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Is there a lack of urgency to address cybersecurity in the public sector in Africa?

By , ITWeb
Africa , South Africa , 14 Dec 2021

In Africa, there has been a proliferation of cyberattacks on state-owned organisations, such as transport and critical infrastructure, in the past 18 months, indicating the public sector is a lucrative target.

According to cyber security solutions company Check Point Software, while the pace of transformation may vary from country to country, the public sector as a whole is gradually becoming more digitally mature. However, government departments are often late adopters, and bad actors are taking note.

Check Point Software’s 2021 Mid-Year Cyber Attack Trends Report highlights just how prevalent attacks on public sector organisations have become during the pandemic. Globally, government organisations are now one of the most popular targets for bad actors, second only to those in the education and research sectors.

Of the 93% increase in global cyberattacks reported by Check Point from 2020-21, many of them are being orchestrated against public-owned entities.

Public sector slow to respond 

“In Check Point Software’s experience with public sector organisations in South Africa and the rest of the continent, cybersecurity is top of mind at the senior level and in the relevant information technology departments, but this urgency does not always reflect in the supply chain on the deployment of cybersecurity solutions. This lack of urgency is compounded by delays due to lengthy procurement processes, which have been intensified by the COVID-19 pandemic,” says Pankaj Bhula, Regional Director: Africa, Check Point Software Technologies.

As the cybersecurity landscape evolves quickly, by the time the cybersecurity solutions are signed off on, if at all, the technology is too outdated to manage current threats, leaving public sector organisations vulnerable.

“In addition, there appears to be a lack of awareness and accountability of the consequences of an attack on the public sector in the Africa region which potentially can bring any country’s critical infrastructure to a standstill and threaten the safety of its citizens. The public sector is there to serve, and does not have the same fallout of reputational damage and financial loss as in the profit-driven private sector to motivate for cybersecurity as a top priority,” adds Bhula.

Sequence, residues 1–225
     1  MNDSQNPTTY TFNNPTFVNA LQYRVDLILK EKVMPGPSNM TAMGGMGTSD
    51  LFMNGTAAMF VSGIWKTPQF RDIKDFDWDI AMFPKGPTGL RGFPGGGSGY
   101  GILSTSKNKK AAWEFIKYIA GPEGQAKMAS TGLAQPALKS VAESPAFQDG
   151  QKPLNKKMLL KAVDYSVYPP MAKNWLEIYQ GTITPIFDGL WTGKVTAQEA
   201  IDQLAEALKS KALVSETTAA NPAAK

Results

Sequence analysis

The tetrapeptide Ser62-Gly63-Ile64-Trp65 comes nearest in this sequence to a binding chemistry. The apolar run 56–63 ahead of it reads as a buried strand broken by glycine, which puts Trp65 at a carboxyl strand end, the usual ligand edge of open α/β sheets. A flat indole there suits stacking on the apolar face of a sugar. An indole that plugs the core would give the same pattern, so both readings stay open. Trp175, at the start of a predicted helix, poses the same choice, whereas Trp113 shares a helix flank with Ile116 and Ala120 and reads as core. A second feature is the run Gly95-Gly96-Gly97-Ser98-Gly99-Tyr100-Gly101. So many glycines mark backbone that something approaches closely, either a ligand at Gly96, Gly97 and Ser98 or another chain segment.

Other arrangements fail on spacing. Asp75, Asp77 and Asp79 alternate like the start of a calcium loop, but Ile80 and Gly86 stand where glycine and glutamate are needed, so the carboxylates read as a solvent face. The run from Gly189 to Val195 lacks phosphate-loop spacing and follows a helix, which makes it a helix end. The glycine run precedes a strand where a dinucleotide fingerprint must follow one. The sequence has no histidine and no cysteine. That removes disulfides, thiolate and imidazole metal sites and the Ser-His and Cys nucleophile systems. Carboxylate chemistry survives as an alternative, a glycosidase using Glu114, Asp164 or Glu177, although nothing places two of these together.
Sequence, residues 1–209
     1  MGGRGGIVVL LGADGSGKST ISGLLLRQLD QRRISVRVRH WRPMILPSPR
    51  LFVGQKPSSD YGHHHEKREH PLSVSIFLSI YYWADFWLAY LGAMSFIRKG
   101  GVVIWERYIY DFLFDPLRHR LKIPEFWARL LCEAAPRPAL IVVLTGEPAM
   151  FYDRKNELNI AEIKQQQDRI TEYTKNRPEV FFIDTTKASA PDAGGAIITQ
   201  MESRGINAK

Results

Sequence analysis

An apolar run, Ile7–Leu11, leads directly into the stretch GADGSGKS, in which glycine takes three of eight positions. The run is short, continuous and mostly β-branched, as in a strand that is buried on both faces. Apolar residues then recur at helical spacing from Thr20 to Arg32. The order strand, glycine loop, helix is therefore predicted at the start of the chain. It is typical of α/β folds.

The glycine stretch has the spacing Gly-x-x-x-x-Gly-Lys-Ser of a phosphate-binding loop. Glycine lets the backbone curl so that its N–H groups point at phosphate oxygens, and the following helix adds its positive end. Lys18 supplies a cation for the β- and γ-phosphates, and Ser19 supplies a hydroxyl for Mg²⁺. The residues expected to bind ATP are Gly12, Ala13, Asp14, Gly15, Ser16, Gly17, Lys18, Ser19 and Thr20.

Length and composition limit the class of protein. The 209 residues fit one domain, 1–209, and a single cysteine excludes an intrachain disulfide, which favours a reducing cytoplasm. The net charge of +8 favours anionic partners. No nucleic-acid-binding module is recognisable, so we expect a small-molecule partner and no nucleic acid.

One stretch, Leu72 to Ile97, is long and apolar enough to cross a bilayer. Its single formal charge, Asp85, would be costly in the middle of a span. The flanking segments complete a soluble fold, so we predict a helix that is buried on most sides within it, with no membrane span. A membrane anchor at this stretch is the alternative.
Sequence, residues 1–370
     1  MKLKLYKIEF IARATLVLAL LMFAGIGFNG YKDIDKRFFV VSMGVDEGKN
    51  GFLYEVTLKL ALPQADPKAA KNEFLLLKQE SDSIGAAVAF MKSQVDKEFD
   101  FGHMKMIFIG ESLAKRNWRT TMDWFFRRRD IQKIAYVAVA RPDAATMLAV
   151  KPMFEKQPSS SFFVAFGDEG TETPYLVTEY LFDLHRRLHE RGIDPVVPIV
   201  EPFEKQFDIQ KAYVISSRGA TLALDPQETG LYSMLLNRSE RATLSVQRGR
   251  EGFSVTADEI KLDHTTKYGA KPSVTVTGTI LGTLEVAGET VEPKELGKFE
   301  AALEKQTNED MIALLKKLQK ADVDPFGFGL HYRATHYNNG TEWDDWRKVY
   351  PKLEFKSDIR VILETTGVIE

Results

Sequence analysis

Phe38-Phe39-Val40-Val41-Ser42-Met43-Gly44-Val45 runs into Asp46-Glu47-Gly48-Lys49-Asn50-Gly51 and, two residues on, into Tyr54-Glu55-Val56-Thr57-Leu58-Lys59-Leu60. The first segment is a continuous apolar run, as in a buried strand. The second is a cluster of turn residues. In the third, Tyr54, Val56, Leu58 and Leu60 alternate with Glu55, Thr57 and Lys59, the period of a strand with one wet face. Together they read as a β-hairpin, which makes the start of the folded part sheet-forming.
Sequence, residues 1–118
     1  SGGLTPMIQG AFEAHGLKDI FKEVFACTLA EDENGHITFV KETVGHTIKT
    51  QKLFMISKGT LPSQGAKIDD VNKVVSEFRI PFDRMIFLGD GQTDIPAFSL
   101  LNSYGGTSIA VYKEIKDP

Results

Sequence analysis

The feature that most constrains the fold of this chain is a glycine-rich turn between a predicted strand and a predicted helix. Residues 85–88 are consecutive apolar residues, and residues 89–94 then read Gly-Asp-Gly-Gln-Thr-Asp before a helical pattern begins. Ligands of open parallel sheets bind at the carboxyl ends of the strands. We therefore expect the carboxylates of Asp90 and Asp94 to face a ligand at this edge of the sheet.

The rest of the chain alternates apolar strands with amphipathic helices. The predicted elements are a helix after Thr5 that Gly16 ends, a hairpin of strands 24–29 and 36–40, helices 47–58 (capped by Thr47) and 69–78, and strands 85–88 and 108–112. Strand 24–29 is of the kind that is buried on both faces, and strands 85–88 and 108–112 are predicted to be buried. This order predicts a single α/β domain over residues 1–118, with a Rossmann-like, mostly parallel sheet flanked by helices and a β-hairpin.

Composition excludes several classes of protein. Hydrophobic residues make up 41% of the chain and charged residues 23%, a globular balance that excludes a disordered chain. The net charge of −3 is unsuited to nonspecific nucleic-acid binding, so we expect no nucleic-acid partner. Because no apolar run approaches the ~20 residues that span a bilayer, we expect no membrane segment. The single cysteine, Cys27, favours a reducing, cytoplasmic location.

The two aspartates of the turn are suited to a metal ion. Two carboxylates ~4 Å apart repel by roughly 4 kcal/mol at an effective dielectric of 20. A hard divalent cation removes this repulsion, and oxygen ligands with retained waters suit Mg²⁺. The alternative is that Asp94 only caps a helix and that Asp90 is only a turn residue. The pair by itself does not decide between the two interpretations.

In South Africa, there has been some progress on increasing the speed of cybersecurity implementation in the public sector. A transversal tender for cybersecurity only has been put forward by the country’s government, which can cut down on time on sourcing suppliers and pricing quotations, Check Point Software adds.

President Cyril Ramaphosa also signed the Cyber Crimes Bill into law this year, which brings South Africa’s cybersecurity laws in line with the rest of the world. The challenge lies in investigating offences and enforcing this law, particularly in the public sector.

Public sector now regarded as a high-value target by bad actors

The public sector might serve up easier targets than the private sector due to outdated technology, slow uptake on cybersecurity practices and solutions, inadequate education, or a combination of these factors but is it lucrative enough to attract cybercriminal organisations?

Check Point Software asserts that data has value. It can therefore be extorted or sold for profit. If a group of bad actors was to steal thousands of people’s credit card details by hacking into a private organisation such as a bank or online retailer, they’d fetch around US$20 (R300) plus per record if auctioned off on the dark web. If, however, the same group were to attack a public healthcare entity and steal individuals’ medical information, their potential profit would soar and net them more than US$480 (R7 500) per record. And that’s not even considering the amount they could extort from the public sector targets themselves. This isn’t helped by the fact that public sector organisations are often comprised of siloed data behemoths, so if a malicious actor is able to exploit a gap in their defences, the “payouts” are often huge.

With a threat landscape that’s currently outpacing many private organisations’ capabilities, governments need to start thinking very carefully about their cybersecurity budgets, how quickly their security solutions are implemented, and how they can increase their risk posture in 2022 and beyond.

Check Point advocates specific steps organisations could take, including preventing advanced persistent threats and zero-day attacks; continuous monitoring and diagnosis, and cross-device security.

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